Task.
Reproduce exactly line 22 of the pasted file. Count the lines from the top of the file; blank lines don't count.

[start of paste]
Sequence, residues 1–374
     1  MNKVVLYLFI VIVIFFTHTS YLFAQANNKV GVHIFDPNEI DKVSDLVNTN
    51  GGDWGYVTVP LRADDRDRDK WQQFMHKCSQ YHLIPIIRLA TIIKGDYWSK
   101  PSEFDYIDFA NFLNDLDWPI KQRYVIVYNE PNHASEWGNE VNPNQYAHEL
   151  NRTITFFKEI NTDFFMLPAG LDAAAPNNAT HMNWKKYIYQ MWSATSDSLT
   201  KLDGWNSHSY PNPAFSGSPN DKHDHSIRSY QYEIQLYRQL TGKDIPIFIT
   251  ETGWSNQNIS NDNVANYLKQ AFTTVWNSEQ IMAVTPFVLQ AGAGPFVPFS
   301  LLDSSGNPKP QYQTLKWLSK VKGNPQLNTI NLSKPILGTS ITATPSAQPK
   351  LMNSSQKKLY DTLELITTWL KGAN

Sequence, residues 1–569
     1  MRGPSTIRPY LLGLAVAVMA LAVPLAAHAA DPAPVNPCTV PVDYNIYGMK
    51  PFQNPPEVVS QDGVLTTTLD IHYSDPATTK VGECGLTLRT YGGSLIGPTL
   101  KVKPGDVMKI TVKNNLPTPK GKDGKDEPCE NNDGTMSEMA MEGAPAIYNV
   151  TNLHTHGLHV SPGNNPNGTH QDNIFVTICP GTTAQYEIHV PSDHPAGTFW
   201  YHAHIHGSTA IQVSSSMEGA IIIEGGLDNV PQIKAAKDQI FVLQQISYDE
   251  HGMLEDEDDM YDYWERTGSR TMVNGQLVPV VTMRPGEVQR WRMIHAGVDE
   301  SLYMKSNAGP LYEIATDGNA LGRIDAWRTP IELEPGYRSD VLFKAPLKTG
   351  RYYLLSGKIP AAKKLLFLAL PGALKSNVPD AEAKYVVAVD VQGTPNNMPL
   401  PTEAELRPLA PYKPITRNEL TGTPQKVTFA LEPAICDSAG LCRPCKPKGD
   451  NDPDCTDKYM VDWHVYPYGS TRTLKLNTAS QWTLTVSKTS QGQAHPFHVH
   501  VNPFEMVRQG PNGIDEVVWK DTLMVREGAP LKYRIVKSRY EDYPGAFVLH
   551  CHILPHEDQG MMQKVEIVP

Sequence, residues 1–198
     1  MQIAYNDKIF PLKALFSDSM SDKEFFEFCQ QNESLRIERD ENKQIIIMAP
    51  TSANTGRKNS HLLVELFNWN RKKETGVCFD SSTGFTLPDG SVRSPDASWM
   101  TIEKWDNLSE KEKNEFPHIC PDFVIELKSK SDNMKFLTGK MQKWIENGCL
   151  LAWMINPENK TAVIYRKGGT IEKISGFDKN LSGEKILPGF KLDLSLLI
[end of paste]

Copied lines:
   551  CHILPHEDQG MMQKVEIVP